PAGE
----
For database stuff, I use Sequel Pro. There’s also Navicat Premium, which is the professional grade high-end solution to talk to most of the databases, but I can’t justify the price tag ($1,299).

For moving files around, I tend to prefer them being in git and then auto-deployed to the server through either the hosting service provider (huge shoutout to Pantheon here!), or through deploybot.

If I do need to touch an FTP program, then it's Transmit. It’s just great, and can connect to literally anything.

VCS

I only use git. I don’t touch svn or mercurial. That keeps me from contributing to WordPress core, but hey...

Configurations to take care of first

1. valet local domain

By default the local development domain Valet uses is .dev. Due to some recent change to the publicly available top level domains, .dev is no longer recommended as a tld to use.

I chose .test. Change it like so once valet is installed:

$ valet domain test

It’s best to do this before you set up any local domains.

2. wpcli configurations

There are some baseline things that I add to all my sites when I set them up. Here’s my ~/.wp-cli/config.yml file:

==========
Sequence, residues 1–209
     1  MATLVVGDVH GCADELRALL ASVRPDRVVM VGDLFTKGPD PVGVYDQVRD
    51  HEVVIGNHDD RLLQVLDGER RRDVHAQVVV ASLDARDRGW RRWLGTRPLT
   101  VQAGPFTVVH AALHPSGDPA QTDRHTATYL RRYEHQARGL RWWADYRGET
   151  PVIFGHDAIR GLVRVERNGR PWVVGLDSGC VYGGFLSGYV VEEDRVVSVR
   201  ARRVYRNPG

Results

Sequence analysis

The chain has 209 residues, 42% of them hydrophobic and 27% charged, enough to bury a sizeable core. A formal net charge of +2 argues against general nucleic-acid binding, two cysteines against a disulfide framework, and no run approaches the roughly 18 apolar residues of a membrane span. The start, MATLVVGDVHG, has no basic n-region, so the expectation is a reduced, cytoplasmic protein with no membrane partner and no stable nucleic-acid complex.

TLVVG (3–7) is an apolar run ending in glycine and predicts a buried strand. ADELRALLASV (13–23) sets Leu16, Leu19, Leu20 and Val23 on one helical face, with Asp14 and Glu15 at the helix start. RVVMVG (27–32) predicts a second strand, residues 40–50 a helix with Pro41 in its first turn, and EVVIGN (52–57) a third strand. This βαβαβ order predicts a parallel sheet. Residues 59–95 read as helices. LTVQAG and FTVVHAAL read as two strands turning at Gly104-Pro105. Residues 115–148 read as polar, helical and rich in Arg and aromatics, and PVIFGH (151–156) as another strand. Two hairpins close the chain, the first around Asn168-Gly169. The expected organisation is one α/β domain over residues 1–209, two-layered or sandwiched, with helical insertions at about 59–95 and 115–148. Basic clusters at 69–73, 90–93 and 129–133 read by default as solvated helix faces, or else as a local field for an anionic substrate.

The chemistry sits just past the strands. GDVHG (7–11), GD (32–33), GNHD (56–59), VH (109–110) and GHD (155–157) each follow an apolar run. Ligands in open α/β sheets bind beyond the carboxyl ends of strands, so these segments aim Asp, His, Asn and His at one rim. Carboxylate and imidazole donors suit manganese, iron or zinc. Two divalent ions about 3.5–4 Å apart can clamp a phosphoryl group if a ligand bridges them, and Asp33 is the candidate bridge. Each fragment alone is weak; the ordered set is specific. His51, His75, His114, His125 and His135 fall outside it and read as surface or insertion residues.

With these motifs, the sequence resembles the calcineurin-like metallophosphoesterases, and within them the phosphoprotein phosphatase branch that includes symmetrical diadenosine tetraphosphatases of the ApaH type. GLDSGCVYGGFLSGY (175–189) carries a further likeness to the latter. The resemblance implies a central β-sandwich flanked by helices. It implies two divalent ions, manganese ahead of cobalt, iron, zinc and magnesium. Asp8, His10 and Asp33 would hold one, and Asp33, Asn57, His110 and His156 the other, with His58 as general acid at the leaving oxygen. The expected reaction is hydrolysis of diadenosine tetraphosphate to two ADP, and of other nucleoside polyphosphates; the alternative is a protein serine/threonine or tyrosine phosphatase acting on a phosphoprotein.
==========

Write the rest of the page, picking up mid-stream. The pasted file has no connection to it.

core config:
	dbuser: root
	dbpass: root
	dbhost: localhost
	dbprefix: wp_
	locale: en_GB
	extra-php: |
		define('WP_DEBUG', true);
		define('WP_DEBUG_LOG', true);
		define('WP_DEBUG_DISPLAY', false);
		@ini_set('display_errors',0);
		define( 'WCS_DEBUG', true );
core install:
	admin_user: javorszky
	admin_password: <password>
	admin_email: [email protected]

Read more about wpcli configuration files through here.

This makes setting up sites a lot faster.

3. ssh keys

I have an rsa and an ed25519 key. The latter is more secure, faster, but fewer things support it. Thankfully most modern servers can deal with it, and Github too. I think this is the article I followed when generating my new keys.

4. folders

I have a ~/Sites folder in which I put all of the sites I work on. It makes working easy.

Fantastic Sites and Where to Find Them.

5. database naming scheme

My localhost mariadb has a lot of databases. One for each site. To keep track of what’s what I have a naming scheme. It’s mostly a form of <purpose>.<sitename>.

So for my plugins that I work on internatlly, or my own test sites that I use to play around with, I use dev as purpose. If the site is in ~/Sites/dev folder, then the database would be called dev.dev.

For client work where I had to set up a copy of the site locally, I’ll prefix it with client. So say I have a client called ACME Inc, and their local site lives in ~/Sites/acme, the database name would be client.acme.